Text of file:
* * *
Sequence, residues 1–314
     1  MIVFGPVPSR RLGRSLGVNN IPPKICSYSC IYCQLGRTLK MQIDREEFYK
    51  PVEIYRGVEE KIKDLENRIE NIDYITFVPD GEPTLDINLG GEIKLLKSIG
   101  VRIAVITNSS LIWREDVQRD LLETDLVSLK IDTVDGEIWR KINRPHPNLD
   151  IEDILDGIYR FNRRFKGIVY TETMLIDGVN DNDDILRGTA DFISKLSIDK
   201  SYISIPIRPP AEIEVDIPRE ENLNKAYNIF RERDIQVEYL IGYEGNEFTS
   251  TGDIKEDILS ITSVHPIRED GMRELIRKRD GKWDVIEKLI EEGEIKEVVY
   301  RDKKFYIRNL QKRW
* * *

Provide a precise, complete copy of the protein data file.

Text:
Sequence, residues 1–314
     1  MIVFGPVPSR RLGRSLGVNN IPPKICSYSC IYCQLGRTLK MQIDREEFYK
    51  PVEIYRGVEE KIKDLENRIE NIDYITFVPD GEPTLDINLG GEIKLLKSIG
   101  VRIAVITNSS LIWREDVQRD LLETDLVSLK IDTVDGEIWR KINRPHPNLD
   151  IEDILDGIYR FNRRFKGIVY TETMLIDGVN DNDDILRGTA DFISKLSIDK
   201  SYISIPIRPP AEIEVDIPRE ENLNKAYNIF RERDIQVEYL IGYEGNEFTS
   251  TGDIKEDILS ITSVHPIRED GMRELIRKRD GKWDVIEKLI EEGEIKEVVY
   301  RDKKFYIRNL QKRW